Just a day after Oracle Corp. launched an ambitious project to combine PeopleSoft and J.D. Edwards technologies
with its application suite, SAP executives went on the offensive with a plan of their own to lure those customers away from Oracle and onto a complete SAP technology stack.
As Oracle keeps nipping at SAP's heels, and SAP tries to bite back, analysts and users agree that the dogfight between the two companies is placing PeopleSoft and JDE users in a perfect bargaining position.
"Maintenance costs will be ratcheted down and I think Oracle will match SAP in anything they do and even try to beat them," said Michael Dominy, a senior analyst with Boston-based Yankee Group.
SAP is rolling out its Safe Passage program, allowing new Oracle Corp. customers to trade in their PeopleSoft or JDE licenses for mySAP ERP licenses.
Under the program, those customers who make the switch to SAP, would receive a credit equal to 75% of the license price that they paid with PeopleSoft or JDE. In addition, they are charged a maintenance fee, based on 17% of the total mySAP license value.
"We've seen the promises on the other side, yet we've delivered," said SAP America CEO Bill McDermott, during a press conference Wednesday. "We've delivered a standards-based, integrated platform since 2003."
McDermott said customers choosing SAP would not be forced to migrate immediately. Both the current versions of PeopleSoft and JDE products will be fully supported, he said.
"The program follows the same logic as we apply to our existing SAP customers as we provide an upgrade path to our existing platforms," McDermott said. "We're not forcing them to withdraw from their existing applications, rather they can keep going with their license and decide at the time when they want to get out of their current applications."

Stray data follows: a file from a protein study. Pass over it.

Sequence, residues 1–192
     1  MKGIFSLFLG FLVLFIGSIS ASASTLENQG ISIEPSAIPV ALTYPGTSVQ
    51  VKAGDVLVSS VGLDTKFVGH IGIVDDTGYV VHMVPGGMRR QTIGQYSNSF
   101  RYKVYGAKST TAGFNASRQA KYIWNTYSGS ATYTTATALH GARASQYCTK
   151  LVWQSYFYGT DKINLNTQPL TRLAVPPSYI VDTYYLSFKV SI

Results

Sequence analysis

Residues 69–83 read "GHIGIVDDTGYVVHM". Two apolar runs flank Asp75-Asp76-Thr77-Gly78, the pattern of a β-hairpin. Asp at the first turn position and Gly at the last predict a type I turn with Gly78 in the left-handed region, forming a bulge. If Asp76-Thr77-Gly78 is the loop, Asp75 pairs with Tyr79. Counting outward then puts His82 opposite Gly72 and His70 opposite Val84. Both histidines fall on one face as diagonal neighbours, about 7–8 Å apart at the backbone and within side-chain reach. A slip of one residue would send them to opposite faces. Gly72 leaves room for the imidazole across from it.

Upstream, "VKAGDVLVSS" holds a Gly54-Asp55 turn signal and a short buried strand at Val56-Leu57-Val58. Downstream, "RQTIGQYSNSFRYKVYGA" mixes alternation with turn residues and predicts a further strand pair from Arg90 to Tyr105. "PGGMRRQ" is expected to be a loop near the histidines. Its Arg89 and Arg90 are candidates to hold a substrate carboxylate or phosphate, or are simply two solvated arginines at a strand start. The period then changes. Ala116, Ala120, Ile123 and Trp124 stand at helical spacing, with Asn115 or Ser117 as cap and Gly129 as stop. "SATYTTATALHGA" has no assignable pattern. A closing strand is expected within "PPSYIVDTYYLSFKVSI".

SAP, Wednesday, also acquired TomorrowNow Inc., a third-party support provider for customers running PeopleSoft and J.D. Edwards (JDE) software.
McDermott said SAP is first targeting customers who have existing SAP applications and use a mix of PeopleSoft HR applications or JDE software. Initial migration for those customers to a complete SAP stack would be less painful, McDermott said.
Although Oracle hasn't yet announced any discount programs to get customers to migrate to Oracle's E-Business Suite, Oracle CEO Larry Ellison assured customers this week that his company would continue to support and develop PeopleSoft and JDE products through 2013. Analysts, however, expect Oracle sales reps to offer deep discounts to customers considering Oracle's software suite.
"Former PeopleSoft customers are getting lots of attention and some very attractive choices," said Jim Shepherd, vice president of research at Boston-based AMR Research Inc. "There is no question that this battle between Oracle and SAP promises to give companies considerable negotiating leverage, which may be the best companies can hope for when their vendor is acquired."
Users, who have been listening carefully to Oracle executives, said they are prepared to negotiate better deals. Daniel Levinthal, a former member of the PeopleSoft Mid-Atlantic Regional Users Group and IT manager at a Virginia-based retailer, said his firm is currently considering its options.
"We've been holding out for some time now," Levinthal said. "I'd expect most shops to take their time in order to make the right decision."